Is Alcohol A Depressant?

Alcohol has many depressant effects on your central nervous system and is classified as a depressant by health professionals.

Alcohol has many depressant effects on your central nervous system and is classified as a depressant by health professionals. However, it also has some stimulant effects, especially when consumed in small amounts.

Knowing how alcohol affects your brain, especially in different amounts, can help you avoid unwanted effects when drinking alcohol.

Effects Of Alcohol

Alcohol’s effects on the body are multi-layered. The effects tend to vary depending on the amount of alcohol consumed. A single glass of wine may lead to more stimulant effects, while several glasses of wine can cause primarily depressant effects.

Depressant Effects

Alcohol is primarily a central nervous system depressant, primarily affecting your spinal cord and brain activity. It reduces glutamate levels in your brain, a neurotransmitter that increases brain activity and energy.

Alcohol shares some effects with depressant drugs like benzodiazepines and opioids. After drinking alcohol, you can easily experience the depressant side effects of a slowed CNS. Common side effects include:

  • impairment
  • drowsiness
  • slurred speech
  • slowed reaction times

In severe cases, slowed brain function due to alcohol can lead to memory loss, respiratory failure, and even death. These can be signs of alcohol poisoning, a serious condition often caused by binge drinking.

Alcohol’s depressant effects can make certain mood disorders worse. Alcohol can make symptoms of depression worse, and interact negatively with antidepressant drugs.

Stimulant Effects

Moderate alcohol consumption affects dopamine receptors in your brain. Dopamine is a neurotransmitter that controls motivation, reward, and your motor system. Other substances that interact with dopamine include opioids, nicotine, and cocaine.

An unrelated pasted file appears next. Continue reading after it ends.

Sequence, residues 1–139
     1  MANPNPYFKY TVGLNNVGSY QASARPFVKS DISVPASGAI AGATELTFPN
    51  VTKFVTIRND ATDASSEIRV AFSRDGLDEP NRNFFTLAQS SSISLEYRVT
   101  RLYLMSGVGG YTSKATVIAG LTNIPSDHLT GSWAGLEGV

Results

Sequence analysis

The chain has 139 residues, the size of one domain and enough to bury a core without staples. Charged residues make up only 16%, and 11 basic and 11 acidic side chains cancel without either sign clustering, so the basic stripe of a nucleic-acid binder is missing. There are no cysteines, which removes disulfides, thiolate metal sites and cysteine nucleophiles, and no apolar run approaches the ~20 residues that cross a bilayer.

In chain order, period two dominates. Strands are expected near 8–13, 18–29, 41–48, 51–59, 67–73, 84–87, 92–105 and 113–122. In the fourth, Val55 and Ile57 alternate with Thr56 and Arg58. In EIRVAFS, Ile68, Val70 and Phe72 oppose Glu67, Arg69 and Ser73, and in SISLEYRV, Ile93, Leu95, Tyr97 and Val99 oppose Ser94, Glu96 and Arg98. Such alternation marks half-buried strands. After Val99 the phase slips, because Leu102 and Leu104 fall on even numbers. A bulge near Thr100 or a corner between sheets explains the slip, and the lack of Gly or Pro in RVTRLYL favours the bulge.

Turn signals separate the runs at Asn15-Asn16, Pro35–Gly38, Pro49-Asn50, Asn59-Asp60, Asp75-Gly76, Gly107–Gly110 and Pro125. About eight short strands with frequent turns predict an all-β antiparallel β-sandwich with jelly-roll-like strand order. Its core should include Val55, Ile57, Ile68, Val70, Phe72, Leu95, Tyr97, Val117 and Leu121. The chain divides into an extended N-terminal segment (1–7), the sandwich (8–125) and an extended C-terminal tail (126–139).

Stimulant side effects of alcohol include:

  • increased heart rate
  • ​increased blood pressure
  • aggression
  • impulsive behavior

Alcohol’s interactions with dopamine make it a likely target of substance abuse.

When you drink alcohol over time, the rush of dopamine causes your brain to produce less of the chemical on its own. People with an alcohol use disorder are more likely to have this form of alcohol dependency.

Long-Term Depressant Effects Of Alcohol

Long-term alcohol consumption can lead to long-term health problems. The risk of health problems is generally lower if people drink responsibly, but no amount of alcohol is risk-free.

Alcohol use disorder (AUD) is a mental health condition characterized by an inability to stop drinking alcohol. Symptoms of AUD include drinking despite continued health problems, giving up other activities to drink, and withdrawal symptoms when you try to stop drinking.

Alcohol can permanently change your brain chemistry and structure. People with AUD often suffer from co-occurring disorders like depression. Heavy drinking over long periods of time is also linked to Wernicke-Korsakoff syndrome, a severe degenerative brain disorder.

Alcohol Addiction Treatment

Alcohol use disorder is a serious health problem affecting millions of Americans. People may struggle to reach out or accept the possibility of treatment. Calling a confidential hotline can refer people to the resources they need.

Checking into a treatment center is an intensive, effective way of treating alcohol use disorder. Treatment often starts with an alcohol detox program, a medically assisted process where alcohol is flushed out of your system. Treatment options after detox vary from patient to patient.

To learn more about our high-quality treatment programs for you or your loved one, please contact Northeast Addictions Treatment Center today.

Written by
Northeast Addition Editorial Team

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This page does not provide medical advice.

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